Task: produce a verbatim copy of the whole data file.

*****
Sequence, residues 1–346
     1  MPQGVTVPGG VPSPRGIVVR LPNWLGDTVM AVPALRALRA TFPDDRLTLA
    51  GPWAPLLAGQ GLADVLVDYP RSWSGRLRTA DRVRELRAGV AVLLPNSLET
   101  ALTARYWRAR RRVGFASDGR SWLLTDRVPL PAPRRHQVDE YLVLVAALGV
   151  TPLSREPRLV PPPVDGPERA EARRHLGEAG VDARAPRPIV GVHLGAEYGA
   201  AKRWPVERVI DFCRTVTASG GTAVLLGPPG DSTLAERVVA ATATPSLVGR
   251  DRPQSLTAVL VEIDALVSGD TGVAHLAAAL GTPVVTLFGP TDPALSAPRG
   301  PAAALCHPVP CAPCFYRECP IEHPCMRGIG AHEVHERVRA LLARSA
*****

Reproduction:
Sequence, residues 1–346
     1  MPQGVTVPGG VPSPRGIVVR LPNWLGDTVM AVPALRALRA TFPDDRLTLA
    51  GPWAPLLAGQ GLADVLVDYP RSWSGRLRTA DRVRELRAGV AVLLPNSLET
   101  ALTARYWRAR RRVGFASDGR SWLLTDRVPL PAPRRHQVDE YLVLVAALGV
   151  TPLSREPRLV PPPVDGPERA EARRHLGEAG VDARAPRPIV GVHLGAEYGA
   201  AKRWPVERVI DFCRTVTASG GTAVLLGPPG DSTLAERVVA ATATPSLVGR
   251  DRPQSLTAVL VEIDALVSGD TGVAHLAAAL GTPVVTLFGP TDPALSAPRG
   301  PAAALCHPVP CAPCFYRECP IEHPCMRGIG AHEVHERVRA LLARSA